The symbol of a lion is used to represent Assyria, Babylon and Egypt.
KJV Ezekiel 22:25. There is a conspiracy of her prophets in the midst thereof, like a roaring lion ravening the prey; they have devoured souls; they have taken the treasure and precious things; they have made her many widows in the midst thereof.
A lion also represents a conspiracy of prophets. Notice Ezekiel used the word conspiracy, a word used often in the books of Kings. A conspiracy is a plot against current leadership. The following text provides additional details. Her priests have violated my law, and have profaned mine holy things: they have put no difference between the holy and profane, neither have they shewed difference between the unclean and the clean, and have hid their eyes from my Sabbaths, and I am profaned among them. KJV Ezekiel 22:26. The prophets are conspiring against God.
You would think a prophet would be smarter than to rebel against God. What could make them think they could possibly win?
KJV 1 Peter 5:8. Be sober, be vigilant; because your adversary the devil, as a roaring lion, walketh about, seeking whom he may devour:
A lion also represents the devil. This explains why the prophets had hopes they could successfully conspire against God.
Since a wolf and lion represent Egypt and Babylon they are considered spiritual equals. A lion represents Satan, so a wolf can also represent Satan.
Once the keys words have been spiritually defined, the parable can be paraphrased by substituting the spiritual definitions for the key words.
KJV Matthew 7:15. Beware of false prophets, which come to you in sheep’s clothing, but inwardly they are ravening wolves.
The parable shows there will be false prophets, who will appear to be followers of God. The most likely place the false prophets will appear is inside churches. Camouflage is used to get as close to an enemy as possible. In this case, the prophets will be disguised as sheep. This is another way of saying, they are wearing the enemies’ uniform. The prophets of Satan will get as close to God’s followers as they are able. They will try and influence leaders, and members of every rank. They will introduce every false belief imaginable, while questioning every doctrine. They will introduce issues having little bearing on truth in an attempt to steal time from more important matters. They will discourage people from becoming involved in work within the church. They will tempt members in financial matters, ethics, relationships, and every front they can find a weakness.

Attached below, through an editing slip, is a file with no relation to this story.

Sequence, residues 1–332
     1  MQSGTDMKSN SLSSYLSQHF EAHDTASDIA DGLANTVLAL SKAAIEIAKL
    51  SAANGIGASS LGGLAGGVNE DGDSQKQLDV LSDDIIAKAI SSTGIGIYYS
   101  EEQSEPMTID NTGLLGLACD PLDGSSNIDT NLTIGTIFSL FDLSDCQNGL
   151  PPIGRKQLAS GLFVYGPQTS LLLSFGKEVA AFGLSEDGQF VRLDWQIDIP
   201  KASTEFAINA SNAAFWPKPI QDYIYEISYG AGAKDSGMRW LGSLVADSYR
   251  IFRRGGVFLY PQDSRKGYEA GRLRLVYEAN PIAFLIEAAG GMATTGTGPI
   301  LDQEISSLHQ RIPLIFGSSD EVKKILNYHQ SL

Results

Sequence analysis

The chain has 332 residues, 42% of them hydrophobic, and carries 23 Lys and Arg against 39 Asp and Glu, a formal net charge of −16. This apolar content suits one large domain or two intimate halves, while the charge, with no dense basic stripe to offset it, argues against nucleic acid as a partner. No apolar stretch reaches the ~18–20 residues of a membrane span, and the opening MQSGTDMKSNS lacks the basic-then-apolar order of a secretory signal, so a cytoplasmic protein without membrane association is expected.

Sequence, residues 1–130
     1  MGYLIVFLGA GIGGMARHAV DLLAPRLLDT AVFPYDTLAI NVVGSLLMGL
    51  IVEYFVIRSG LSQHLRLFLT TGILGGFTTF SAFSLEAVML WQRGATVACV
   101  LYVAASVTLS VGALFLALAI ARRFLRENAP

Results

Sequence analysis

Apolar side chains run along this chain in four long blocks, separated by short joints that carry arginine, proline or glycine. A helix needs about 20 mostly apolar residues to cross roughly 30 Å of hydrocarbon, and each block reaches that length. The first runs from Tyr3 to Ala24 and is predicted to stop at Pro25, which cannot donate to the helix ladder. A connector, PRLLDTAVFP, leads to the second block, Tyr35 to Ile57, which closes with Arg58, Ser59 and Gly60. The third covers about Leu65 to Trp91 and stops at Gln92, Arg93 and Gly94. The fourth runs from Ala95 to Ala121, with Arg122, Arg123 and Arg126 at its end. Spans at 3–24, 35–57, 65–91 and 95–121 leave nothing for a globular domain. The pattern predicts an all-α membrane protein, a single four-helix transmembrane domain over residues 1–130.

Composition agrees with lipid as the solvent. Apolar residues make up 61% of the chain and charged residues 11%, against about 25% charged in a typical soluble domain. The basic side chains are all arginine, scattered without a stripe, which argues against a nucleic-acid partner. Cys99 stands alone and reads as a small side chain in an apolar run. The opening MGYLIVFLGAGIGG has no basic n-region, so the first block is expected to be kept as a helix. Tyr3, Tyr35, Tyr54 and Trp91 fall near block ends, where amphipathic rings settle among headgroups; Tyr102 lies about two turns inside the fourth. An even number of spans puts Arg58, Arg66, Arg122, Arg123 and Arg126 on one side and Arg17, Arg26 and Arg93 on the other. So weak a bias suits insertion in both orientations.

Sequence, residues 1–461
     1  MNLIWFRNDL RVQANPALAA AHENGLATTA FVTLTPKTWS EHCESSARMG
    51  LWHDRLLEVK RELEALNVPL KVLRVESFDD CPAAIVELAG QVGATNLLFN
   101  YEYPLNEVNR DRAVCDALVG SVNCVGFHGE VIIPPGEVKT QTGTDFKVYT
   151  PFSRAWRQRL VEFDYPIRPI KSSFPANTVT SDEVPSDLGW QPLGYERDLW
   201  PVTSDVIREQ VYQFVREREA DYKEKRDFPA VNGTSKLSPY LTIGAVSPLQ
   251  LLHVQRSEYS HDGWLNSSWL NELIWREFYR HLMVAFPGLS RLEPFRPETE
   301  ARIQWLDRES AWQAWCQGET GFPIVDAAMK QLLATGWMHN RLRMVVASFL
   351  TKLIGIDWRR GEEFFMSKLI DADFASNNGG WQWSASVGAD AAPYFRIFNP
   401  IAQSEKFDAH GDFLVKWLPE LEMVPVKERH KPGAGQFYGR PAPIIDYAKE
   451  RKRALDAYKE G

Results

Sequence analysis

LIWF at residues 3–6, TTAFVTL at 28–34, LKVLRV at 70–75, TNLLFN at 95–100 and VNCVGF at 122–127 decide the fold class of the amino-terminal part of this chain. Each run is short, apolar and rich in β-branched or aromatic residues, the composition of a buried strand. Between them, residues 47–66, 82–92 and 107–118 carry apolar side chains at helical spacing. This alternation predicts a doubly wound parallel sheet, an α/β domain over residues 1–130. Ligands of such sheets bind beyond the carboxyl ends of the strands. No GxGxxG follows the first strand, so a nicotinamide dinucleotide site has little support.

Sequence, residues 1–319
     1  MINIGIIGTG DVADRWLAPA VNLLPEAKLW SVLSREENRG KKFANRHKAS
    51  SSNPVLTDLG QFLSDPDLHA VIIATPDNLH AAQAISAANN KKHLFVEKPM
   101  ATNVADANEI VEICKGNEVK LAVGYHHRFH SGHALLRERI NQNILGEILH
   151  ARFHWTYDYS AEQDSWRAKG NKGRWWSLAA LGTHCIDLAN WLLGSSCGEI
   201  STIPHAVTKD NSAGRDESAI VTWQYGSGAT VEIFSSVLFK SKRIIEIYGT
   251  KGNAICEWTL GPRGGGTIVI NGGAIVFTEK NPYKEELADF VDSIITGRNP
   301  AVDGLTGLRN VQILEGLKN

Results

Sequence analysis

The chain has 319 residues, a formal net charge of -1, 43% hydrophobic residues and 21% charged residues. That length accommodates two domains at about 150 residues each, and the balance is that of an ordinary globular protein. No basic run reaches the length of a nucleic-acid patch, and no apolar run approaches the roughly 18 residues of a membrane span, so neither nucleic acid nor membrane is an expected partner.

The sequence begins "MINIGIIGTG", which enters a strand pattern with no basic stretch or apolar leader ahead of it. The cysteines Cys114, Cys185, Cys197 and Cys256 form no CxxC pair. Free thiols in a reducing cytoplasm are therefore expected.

The parable of the wheat and tares in Matthew 13 shows that weeds will grow up with the wheat until the day or harvest, the end of the world. This is also shown in the parable of the net, when the angels shall come forth, and sever the wicked from among the just.
Why do false prophets dress up like sheep? If they cannot get inside the church, they chip away at the outside scraping away at the mortar to separate the bricks, the members of the church.
A wolf has only one relationship with a sheep, a short one, usually called dinner. Although the wolf in this parable dresses like a sheep, it has no intentions of becoming a sheep. But what about the wolves within the church? There are no instructions to remove the wolves from the church. Some are not aware they are Satan’s agents. How could that be? Did the Pharisees, who condemned Jesus know they were Satan’s agents? Did Pilate or Herod know? What about the common people at the cross taunting Jesus?
Jesus knew all of these things were going to happen, that may be why He added a test.
KJV Matthew 7:20. Wherefore by their fruits ye shall know them. 21. Not every one that saith unto me, Lord, Lord, shall enter into the kingdom of heaven; but he that doeth the will of my Father which is in heaven. 22. Many will say to me in that day, Lord, Lord, have we not prophesied in thy name? and in thy name have cast out devils? and in thy name done many wonderful works? 23. And then will I profess unto them, I never knew you: depart from me, ye that work iniquity. 24. Therefore whosoever heareth these sayings of mine, and doeth them, I will liken him unto a wise man, which built his house upon a rock: